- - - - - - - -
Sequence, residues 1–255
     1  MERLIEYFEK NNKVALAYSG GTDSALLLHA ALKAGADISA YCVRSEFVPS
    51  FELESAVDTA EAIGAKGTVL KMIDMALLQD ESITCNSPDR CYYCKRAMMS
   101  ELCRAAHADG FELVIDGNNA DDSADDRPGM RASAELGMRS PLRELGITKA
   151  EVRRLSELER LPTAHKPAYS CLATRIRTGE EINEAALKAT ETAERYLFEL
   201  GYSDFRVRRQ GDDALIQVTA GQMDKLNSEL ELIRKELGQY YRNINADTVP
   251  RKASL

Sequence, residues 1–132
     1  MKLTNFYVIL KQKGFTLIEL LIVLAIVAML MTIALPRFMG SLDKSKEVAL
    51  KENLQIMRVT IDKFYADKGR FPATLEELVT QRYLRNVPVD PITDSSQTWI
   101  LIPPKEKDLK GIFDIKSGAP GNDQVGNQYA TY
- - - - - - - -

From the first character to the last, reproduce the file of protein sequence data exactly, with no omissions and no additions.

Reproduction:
Sequence, residues 1–255
     1  MERLIEYFEK NNKVALAYSG GTDSALLLHA ALKAGADISA YCVRSEFVPS
    51  FELESAVDTA EAIGAKGTVL KMIDMALLQD ESITCNSPDR CYYCKRAMMS
   101  ELCRAAHADG FELVIDGNNA DDSADDRPGM RASAELGMRS PLRELGITKA
   151  EVRRLSELER LPTAHKPAYS CLATRIRTGE EINEAALKAT ETAERYLFEL
   201  GYSDFRVRRQ GDDALIQVTA GQMDKLNSEL ELIRKELGQY YRNINADTVP
   251  RKASL

Sequence, residues 1–132
     1  MKLTNFYVIL KQKGFTLIEL LIVLAIVAML MTIALPRFMG SLDKSKEVAL
    51  KENLQIMRVT IDKFYADKGR FPATLEELVT QRYLRNVPVD PITDSSQTWI
   101  LIPPKEKDLK GIFDIKSGAP GNDQVGNQYA TY